Left-leaning city councillor Maria Augimeri has survived a hard-hitting attempt by rival Gus Cusimano to seek a forensic review of her campaign finances.
Council’s three-person compliance audit committee on Monday unanimously rejected Mr. Cusimano’s request – which focused on the rent for her campaign office – because he failed to present reasonable grounds to warrant an investigation.
The decision represents yet another set-back in Mr. Cusimano’s campaign, which has been prominently backed by Mayor Rob Ford, to unseat the veteran North York politician. After narrowly losing to Ms. Augimeri last fall, he persuaded a judge to order a by-election, claiming irregularities with the voter’s list. The city’s clerk’s office initially opted not to appeal, but reversed itself after critics accused Mr. Ford of interfering with a judicial process. (No such interference was ever proven.)
Ms. Augimeri had also moved to appeal.
Following Monday’s compliance audit meeting, Mr. Cusimano said he doesn’t plan to challenge the ruling in court. “I’ll go by the committee’s decision,” he told reporters. “I’ve already spent enough money on lawyers.”
Although she appeared nervous during the meeting, Ms. Augimeri said she was not surprised by the committee’s verdict. “We didn’t do anything wrong.”
The crux of the dispute involved the market value of Ms. Augimeri’s campaign office. She maintained that the location, which she shared with two school board candidates, was in horrific condition when she agreed to lease it in March. The storefront had been used as a butcher store, and she told the committee that the previous owner had vacated the space abruptly, leaving meat to rot. Ms. Augimeri said her volunteers worked to clean the space and block off unusable rooms.
Mr. Cusimano, a real estate broker, alleged that Ms. Augimeri effectively received a $7,445 subsidy on the space, which he claimed did not require extensive remediation. In a power-point presentation to the committee, he showed photos of Ms. Augimeri’s campaign office launch in early September, which featured guests helping themselves to snacks and listening to the candidate speak on a microphone.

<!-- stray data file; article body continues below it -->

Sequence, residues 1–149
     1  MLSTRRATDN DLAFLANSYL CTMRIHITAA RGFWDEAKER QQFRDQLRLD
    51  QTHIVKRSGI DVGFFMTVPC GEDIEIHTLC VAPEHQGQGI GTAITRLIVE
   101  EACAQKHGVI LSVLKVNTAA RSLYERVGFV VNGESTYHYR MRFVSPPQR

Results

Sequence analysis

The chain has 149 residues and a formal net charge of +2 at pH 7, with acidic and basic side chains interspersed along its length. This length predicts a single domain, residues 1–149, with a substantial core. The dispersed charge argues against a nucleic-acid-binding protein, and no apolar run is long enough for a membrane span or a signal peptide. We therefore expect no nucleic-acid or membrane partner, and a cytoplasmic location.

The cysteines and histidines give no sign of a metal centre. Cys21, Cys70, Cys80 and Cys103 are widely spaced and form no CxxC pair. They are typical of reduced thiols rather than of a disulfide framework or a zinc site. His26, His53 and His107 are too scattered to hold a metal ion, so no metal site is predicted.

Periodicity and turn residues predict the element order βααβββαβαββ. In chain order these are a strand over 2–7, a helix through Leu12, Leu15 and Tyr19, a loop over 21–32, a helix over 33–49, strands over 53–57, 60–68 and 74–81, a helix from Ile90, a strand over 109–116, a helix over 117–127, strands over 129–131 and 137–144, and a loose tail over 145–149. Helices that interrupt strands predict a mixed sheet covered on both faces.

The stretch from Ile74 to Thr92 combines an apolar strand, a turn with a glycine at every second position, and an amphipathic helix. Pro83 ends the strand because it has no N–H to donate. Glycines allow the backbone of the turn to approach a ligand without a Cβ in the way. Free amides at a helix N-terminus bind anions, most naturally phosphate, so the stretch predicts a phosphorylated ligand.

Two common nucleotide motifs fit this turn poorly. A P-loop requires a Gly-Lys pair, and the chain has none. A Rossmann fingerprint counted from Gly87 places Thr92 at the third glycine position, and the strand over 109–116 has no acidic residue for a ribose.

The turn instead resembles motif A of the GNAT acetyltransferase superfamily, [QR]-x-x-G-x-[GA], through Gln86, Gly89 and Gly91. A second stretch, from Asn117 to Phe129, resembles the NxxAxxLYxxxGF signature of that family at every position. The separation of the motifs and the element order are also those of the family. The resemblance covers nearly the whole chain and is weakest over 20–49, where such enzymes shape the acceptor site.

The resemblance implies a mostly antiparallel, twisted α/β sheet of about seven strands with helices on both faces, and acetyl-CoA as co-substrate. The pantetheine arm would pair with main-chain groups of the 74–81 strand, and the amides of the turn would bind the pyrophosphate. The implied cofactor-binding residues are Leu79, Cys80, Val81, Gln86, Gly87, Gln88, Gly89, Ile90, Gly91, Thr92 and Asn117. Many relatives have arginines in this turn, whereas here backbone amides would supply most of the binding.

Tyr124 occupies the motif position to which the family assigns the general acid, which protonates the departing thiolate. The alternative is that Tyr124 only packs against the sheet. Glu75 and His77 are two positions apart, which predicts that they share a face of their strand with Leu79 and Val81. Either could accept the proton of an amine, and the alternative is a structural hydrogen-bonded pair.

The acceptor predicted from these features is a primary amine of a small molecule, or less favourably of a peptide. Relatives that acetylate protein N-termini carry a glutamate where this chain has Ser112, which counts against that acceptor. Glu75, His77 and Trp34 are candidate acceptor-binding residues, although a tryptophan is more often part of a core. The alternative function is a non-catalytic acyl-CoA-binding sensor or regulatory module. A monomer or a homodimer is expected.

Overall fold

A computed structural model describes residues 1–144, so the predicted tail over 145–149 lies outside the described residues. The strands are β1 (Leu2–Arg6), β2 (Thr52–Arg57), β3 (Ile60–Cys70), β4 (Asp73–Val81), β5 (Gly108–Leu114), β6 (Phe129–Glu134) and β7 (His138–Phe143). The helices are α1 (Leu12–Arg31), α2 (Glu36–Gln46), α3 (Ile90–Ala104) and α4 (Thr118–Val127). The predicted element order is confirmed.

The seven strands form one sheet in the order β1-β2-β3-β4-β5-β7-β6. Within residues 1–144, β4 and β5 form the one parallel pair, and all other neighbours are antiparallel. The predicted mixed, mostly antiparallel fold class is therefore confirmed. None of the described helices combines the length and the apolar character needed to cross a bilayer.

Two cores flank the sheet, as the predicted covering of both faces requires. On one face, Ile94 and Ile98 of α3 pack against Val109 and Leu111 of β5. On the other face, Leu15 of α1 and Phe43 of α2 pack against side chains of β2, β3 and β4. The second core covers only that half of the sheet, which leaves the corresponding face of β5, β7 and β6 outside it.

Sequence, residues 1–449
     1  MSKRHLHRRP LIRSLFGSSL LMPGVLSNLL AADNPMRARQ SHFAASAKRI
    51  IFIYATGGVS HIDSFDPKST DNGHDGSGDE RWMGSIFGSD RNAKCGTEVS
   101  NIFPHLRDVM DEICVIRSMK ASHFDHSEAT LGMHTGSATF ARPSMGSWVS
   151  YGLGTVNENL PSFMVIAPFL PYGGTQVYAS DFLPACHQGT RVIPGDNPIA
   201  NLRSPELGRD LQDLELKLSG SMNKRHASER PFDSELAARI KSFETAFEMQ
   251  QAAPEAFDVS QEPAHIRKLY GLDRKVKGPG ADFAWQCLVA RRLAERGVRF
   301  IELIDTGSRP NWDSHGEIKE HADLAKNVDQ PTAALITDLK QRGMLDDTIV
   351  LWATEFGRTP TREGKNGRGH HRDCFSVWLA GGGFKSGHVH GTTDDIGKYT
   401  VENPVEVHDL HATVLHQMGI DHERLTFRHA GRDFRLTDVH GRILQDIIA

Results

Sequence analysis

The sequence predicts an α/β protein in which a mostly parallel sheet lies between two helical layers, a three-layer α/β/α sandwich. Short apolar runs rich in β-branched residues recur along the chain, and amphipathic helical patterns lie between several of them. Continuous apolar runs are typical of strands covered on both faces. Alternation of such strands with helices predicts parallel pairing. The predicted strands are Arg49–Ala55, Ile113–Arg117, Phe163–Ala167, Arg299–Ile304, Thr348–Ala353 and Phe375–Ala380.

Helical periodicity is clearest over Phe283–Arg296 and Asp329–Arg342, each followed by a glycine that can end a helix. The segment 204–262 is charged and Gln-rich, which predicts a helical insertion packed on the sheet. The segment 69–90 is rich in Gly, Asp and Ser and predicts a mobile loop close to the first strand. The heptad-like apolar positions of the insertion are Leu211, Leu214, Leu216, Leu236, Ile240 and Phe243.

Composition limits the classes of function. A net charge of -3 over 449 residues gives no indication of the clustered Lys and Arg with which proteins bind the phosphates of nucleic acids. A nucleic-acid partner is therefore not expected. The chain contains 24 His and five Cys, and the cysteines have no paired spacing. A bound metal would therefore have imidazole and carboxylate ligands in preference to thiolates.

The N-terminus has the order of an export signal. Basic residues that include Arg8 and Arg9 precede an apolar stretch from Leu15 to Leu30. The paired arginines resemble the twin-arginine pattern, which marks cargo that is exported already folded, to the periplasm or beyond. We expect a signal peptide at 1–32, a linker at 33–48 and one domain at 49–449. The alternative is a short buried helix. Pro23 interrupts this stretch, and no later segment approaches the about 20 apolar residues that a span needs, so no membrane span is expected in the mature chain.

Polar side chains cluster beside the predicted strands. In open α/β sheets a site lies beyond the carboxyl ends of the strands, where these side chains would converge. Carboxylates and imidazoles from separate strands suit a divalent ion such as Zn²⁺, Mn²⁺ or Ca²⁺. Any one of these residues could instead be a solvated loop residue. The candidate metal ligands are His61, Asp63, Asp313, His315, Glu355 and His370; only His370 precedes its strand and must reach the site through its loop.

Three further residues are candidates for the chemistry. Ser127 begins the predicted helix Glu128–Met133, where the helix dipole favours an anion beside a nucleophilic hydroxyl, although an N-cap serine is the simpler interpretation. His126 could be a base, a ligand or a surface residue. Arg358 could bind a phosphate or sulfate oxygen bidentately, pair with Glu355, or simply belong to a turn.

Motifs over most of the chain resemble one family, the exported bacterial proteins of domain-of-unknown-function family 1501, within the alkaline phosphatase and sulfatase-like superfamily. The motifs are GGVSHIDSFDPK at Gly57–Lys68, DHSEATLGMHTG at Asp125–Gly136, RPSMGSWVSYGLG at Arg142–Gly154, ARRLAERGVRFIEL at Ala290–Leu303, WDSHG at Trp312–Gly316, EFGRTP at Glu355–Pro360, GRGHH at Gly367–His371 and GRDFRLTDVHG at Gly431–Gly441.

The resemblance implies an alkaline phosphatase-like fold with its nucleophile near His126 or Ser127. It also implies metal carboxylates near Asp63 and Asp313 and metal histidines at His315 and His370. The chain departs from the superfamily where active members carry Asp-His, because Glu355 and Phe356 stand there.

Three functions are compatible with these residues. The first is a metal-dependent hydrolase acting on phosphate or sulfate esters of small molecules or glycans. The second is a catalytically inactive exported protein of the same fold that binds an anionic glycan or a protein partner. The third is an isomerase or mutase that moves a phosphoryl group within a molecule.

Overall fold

He also submitted real estate listings from the Multiple Listing Service and contended that the price she paid was “well below market.” Paula Boutis, Ms. Augimeri’s lawyer, responded by noting that “a listing is not fair market value, it’s an asking price.” An affidavit submitted late Friday included numerous before-and-after photographs of the space.
Asked why she’d lease a location in such poor condition, Ms. Augimeri said, “The [spending] ceiling is very low, so you can’t rent luxury space.”
Mr. Cusimano, in fact, struck out twice Monday, as the committee voted to order an audit of his own campaign finances, requested by retired council veteran Howard Moscoe and Donna Lynn Tucker. They alleged he failed to report some election costs associated with his signs, and also improperly listed the legal costs associated with his court challenge as an election expense.
The committee rejected a compliance audit request against Ana Bailao, the newly elected councillor for Davenport. Activist and freelance writer Roger Brook, a local resident who had volunteered on the campaign of rival Kevin Beaulieu, submitted a laundry list of claims questioning her fundraising, campaign contributions and a profile of her in Senso, a local Portuguese-language publication.
Lawyers for Ms. Bailao presented a detailed side-by-side rebuttal, noting, at one point, that Senso regularly profiles politicians.
Ms. Bailao could not say how much she spent to defend herself, but added, “Lawyers are not cheap.” Asked if she felt Mr. Brook’s request was vexatious, Ms. Bailao paused before replying, “I’ll leave that to the readers to decide.”
The committee will review compliance audit requests against four right-leaning councillors – Doug Ford, James Pasternak, Michael Thompson and Giorgio Mammoliti – on Wednesday. Earlier this spring, the committee ordered a campaign audit of the mayor’s election finances; that decision is currently before the courts.
Special to the Globe and Mail